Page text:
The new film must be placed with the top of its canister on the bottom, unless you wish to take redscale pictures. In case, you will have to place the new film with its top facing the upper side of your box, and you will have to pierce a hole on the upper left side of the box (instead of the lower left side as marked in my design).

You can now load the film into your soon-to-be pinhole camera so that the two tops of the canisters come out of the two holes we cut out in the box. Now close the back door using black vynil tape and tape any possible hole or slit on your camera to make it light-tight (use black vynil tape first, then you can add masking tape, stickers, anything you like to customize your camera).

You can now fit the paper clip in the top of the empty canister to use it as your own advance wheel. After each shot you will have to turn the paper clip counter-clockwise twice to move to the next frame

Every camera needs a shutter, and so does your brand new pinhole camera! You can use a piece of black tape that you can remove whenever you want to expose your film and then put back in place before moving to the next shot, or you can try to add a sort of a slide shutter to your camera like I did. The best thing about sliding-shutters is that you can also use them as color filter holders!

So here’s how the camera looks when the shutter is closed… and then when it is open!

Now you’re ready to take your camera out and take some cool pictures, just remember that you will have to turn the paper clip counter-clockwise twice each time you take a picture to advance to the next frame. You will also need to hold your pinhole camera still when you take a photo (you can put it on something steady like a table, a stack of books…).

You can print this Exposure Guide which comes with the Diana Multi Pinhole Operator and keep your shutter open according to the amount of time stated in this useful guide.

Now you really are ready to shoot – Have fun with your new pinhole camera!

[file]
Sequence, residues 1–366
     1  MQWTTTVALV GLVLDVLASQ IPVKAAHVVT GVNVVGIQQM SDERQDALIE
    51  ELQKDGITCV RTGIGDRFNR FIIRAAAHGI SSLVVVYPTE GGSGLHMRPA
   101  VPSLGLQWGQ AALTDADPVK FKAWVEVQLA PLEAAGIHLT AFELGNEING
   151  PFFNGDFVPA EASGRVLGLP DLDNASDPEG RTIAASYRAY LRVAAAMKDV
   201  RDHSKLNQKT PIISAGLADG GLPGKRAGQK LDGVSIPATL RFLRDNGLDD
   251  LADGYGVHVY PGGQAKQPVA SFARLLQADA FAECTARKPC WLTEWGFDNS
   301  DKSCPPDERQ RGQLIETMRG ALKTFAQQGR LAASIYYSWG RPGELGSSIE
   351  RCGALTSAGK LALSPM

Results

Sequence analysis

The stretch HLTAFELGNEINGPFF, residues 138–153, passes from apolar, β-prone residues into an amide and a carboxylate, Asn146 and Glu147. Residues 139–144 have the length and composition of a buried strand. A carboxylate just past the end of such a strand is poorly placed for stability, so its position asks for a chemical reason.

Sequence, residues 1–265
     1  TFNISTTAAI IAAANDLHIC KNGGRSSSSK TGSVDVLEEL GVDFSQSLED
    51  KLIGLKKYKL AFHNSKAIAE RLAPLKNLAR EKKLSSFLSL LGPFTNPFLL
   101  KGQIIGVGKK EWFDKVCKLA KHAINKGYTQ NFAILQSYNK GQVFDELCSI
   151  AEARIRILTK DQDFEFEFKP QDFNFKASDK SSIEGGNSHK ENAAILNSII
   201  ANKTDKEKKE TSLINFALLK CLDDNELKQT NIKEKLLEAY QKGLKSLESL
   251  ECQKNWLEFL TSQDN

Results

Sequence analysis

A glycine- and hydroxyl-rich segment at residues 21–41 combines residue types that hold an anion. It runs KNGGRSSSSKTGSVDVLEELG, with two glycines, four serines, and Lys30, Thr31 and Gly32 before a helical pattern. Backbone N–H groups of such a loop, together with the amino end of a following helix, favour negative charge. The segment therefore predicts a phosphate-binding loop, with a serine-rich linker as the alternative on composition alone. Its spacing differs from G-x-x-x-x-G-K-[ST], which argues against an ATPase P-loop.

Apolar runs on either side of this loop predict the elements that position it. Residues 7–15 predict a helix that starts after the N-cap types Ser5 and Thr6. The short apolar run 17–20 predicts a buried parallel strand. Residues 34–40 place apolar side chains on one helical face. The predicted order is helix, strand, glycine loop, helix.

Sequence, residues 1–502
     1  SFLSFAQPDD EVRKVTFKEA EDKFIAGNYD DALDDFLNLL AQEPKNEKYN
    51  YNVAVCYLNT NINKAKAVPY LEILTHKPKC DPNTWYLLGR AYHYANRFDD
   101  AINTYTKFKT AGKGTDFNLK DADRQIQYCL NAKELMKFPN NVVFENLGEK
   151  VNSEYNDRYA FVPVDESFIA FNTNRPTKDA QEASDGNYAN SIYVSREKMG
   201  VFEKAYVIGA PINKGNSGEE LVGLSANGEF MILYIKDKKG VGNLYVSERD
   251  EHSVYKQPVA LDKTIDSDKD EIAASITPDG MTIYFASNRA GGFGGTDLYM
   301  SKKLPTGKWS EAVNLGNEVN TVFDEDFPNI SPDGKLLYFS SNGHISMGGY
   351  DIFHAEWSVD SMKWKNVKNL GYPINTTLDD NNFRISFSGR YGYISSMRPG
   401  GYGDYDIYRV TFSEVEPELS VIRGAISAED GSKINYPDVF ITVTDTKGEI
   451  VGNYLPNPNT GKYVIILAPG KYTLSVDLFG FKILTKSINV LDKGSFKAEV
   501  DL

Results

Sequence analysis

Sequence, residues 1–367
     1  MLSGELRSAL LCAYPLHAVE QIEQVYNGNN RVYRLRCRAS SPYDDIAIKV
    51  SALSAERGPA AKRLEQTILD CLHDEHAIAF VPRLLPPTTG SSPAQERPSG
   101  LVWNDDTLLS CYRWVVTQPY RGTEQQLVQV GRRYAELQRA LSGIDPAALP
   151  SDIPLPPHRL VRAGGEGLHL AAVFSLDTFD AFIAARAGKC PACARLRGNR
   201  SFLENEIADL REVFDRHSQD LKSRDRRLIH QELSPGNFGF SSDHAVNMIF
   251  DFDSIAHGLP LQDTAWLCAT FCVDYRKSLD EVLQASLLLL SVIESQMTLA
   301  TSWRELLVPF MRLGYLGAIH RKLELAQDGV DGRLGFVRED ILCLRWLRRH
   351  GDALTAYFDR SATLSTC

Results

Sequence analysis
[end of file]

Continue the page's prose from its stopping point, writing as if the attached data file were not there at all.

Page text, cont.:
written by sidsel on 2012-05-02 #gear #tutorials #diy #pinhole #camera #tutorial #tipster #how-to #film-boxes #playing-with-pinholes #35mm-pinhole-camera


  1. arurin
    arurin ·

    nice will be nice if you show some sample photos from your work ;)

  2. sidsel
    sidsel ·

    Thank you, @arurin! I will definitely post a link here in the comments as soon as l get the roll developed, I made this camera as a part of my project for Worldwide Pinhole Photography Day [last April 29], so it might a while before I get to upload them here! Thanks for the like as well! :-)

  3. lostlittlekid
    lostlittlekid ·

    So gonna try this! Great tip! :D

  4. sidsel
    sidsel ·

    Thank you @lostlittlekid ! I'd love to see your results! :-)

  5. skrutt
    skrutt ·

    Really nice tipster! Will try this pin-hole someday!

  6. sidsel
    sidsel ·

    Thank you @skrutt!

  7. marypaulinem
    marypaulinem ·

    This is going on my to-do list! I may even move it up to the top! Thanks!

  8. sidsel
    sidsel ·

    Thank you @marypaulinem for reading my article, I'm so glad to hear you enjoyed it so much! Feel free to share here a link to your pictures when you get to build your own film box pinhole camera! :-)

  9. vanilajan
    vanilajan ·

    Cool~! Can't wait to make one!!! :D

  10. liveandbefree
    liveandbefree ·

    Sweet! Made one. So curious how the photos will turn out.
    Awesome and supereasy DIY, love it.